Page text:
Loading team performed a hard job in treacherous conditions. Its constantly very windy at the airport being a treeless plain not to mention the constant blast off engines as aircrafts take off and rain and chilly weather are norm. Having spent 25 years at the airport you now know why till to date I never wear a sweater or a jacket no matter the weather conditions. My body had no option but to adjust. Cargo loading requires grit & it can be physical.

Especially on the 737-800s which was the workhorse fleet to DLA, since this aircraft is not containerized the loading was bulk (its a bit like stuffing your car boot) do it in a proper way and you will get more cargo in. JKIA is huge and by the time we are done with the morning loading you have easily walked 7-10 kilometers in a space of an hour.

Why flights to Doula were a sensitive affair

The flights to Doula were always sensitive as the cargo were often valuables, usually mobile phones. The Cameroonian traders would fly from DLA transiting Nairobi to Guangzhou in China carrying hard cash to the tune of Usd 10,000 to Usd 100,000 to buy phones. They were so regular on these flights that some traders made the trip twice a month. The were literally mules. West Africans are extremely entrepreneurial (especially women) & hard working people . Their consignments were not easy to handle due to the syndicates at JKIA airport who made a living pilfering valuable cargo.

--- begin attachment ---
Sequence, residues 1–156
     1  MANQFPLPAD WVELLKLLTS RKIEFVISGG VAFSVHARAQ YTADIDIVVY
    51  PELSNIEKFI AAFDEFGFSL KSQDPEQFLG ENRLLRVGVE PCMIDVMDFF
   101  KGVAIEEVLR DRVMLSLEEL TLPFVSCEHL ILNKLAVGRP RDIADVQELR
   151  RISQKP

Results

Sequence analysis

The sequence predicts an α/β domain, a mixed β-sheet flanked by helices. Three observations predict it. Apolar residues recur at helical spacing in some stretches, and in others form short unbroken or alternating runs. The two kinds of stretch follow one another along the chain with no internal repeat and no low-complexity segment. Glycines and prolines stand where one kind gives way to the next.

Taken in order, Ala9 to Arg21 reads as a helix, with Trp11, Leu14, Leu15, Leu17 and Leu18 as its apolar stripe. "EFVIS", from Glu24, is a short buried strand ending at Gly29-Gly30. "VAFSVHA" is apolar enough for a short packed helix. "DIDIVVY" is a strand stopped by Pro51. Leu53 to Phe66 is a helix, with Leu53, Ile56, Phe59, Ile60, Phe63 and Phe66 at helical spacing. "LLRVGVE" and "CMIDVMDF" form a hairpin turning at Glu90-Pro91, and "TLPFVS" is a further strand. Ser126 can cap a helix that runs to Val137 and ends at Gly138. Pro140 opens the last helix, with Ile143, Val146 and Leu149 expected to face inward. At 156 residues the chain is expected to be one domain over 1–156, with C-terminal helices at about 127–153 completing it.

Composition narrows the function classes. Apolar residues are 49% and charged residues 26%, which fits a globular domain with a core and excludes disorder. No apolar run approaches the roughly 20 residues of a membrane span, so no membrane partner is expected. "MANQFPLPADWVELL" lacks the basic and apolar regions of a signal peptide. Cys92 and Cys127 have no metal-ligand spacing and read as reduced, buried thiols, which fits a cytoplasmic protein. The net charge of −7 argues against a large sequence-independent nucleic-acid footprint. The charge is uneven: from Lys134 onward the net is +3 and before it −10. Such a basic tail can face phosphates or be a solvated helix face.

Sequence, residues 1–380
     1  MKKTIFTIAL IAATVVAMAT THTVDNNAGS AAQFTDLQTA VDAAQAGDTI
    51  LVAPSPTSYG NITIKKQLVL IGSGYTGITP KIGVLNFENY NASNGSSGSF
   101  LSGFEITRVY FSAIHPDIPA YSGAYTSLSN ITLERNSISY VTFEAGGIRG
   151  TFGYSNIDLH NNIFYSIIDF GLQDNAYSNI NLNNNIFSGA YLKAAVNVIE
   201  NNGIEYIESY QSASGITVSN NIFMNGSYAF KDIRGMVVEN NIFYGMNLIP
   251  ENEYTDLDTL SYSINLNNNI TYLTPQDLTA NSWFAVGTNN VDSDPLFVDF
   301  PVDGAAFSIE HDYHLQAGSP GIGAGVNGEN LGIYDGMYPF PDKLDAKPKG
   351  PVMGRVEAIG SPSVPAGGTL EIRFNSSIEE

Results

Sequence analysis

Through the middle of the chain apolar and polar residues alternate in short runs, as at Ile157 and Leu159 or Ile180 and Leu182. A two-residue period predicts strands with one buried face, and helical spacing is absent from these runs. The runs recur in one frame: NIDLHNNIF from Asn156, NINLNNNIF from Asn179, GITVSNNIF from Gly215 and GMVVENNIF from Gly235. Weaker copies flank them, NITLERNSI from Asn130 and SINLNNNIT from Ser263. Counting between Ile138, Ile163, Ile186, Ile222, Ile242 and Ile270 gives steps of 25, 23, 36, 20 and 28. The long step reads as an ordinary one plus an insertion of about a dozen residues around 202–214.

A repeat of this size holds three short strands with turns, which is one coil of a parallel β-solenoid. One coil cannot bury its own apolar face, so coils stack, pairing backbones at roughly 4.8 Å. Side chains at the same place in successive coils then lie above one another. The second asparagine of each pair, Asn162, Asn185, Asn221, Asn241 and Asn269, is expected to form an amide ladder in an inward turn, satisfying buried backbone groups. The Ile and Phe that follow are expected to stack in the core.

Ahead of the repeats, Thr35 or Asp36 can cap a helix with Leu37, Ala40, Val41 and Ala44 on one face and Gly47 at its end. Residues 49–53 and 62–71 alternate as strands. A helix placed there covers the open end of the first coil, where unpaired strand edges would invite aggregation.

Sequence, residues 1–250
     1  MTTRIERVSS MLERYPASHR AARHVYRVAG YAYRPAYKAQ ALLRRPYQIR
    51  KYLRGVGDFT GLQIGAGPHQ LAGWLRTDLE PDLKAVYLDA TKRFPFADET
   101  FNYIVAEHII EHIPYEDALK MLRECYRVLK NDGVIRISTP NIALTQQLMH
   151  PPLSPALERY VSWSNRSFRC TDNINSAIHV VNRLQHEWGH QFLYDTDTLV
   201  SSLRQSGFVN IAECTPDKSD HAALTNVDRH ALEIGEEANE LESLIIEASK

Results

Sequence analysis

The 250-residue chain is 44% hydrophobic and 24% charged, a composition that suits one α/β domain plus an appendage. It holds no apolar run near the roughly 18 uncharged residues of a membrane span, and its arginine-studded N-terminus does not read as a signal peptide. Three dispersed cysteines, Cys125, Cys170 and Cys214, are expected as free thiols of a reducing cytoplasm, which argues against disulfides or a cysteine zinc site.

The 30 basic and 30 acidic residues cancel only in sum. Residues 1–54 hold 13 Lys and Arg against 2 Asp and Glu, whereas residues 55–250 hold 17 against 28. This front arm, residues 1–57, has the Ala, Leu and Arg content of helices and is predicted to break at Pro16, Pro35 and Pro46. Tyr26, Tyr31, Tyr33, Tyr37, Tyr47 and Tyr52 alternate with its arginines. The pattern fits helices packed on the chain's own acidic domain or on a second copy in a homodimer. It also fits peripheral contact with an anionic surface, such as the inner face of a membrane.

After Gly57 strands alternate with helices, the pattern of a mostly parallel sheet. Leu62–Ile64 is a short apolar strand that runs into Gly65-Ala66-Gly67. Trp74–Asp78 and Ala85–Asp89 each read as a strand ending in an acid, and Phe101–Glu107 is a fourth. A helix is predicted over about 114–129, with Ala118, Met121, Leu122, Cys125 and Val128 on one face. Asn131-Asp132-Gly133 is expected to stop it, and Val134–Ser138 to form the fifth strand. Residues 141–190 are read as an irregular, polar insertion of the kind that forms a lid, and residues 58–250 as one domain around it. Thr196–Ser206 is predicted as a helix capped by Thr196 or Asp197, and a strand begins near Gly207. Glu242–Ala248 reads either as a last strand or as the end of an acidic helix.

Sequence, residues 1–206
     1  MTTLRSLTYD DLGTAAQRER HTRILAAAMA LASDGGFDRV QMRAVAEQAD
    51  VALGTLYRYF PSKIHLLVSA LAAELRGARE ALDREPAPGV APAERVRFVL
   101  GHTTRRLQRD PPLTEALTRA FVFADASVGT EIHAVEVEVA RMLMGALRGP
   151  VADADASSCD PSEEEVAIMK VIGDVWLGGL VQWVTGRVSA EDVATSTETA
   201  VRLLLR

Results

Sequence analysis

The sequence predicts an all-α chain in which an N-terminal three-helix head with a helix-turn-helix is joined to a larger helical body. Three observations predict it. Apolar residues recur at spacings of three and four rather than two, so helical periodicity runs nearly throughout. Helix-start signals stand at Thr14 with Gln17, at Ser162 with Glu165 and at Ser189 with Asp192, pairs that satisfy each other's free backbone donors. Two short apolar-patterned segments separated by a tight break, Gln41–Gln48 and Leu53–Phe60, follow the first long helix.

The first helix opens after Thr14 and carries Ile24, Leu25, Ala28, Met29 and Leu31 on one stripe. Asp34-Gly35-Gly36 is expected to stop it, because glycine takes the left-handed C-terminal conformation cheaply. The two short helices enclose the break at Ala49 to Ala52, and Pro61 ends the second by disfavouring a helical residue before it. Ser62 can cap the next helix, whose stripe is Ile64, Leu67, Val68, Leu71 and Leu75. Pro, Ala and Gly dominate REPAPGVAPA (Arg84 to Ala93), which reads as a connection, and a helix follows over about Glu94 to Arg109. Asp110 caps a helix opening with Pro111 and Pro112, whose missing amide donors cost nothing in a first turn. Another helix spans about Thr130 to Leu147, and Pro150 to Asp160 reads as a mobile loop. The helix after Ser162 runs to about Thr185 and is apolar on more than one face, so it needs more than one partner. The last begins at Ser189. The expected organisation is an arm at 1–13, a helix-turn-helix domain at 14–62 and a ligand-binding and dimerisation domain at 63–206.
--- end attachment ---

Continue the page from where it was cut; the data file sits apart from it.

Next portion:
The airport is a closed community with many stakeholders and we all knew each other well. Some baggage porters at the airport dot Rolex watches and the best ones at the game spotted 4 wheel land cruisers. Your guess on how they come to own them is as good as mine. I remember on one occasion a whole container of mobiles vanished. The value a tidy sum. How that can happen in a high-security area defeats my logic till today.

I would, therefore, make sure that I was personally at hand or my sales team at the airside to oversee the cargo operations staff so that the mobiles could transit safely. Over time, I got to know the West African traders personally and they were my bread & butter as they paid top dollar for the freight space. I needed their business to enable meet the KQ Revenue budget targets.”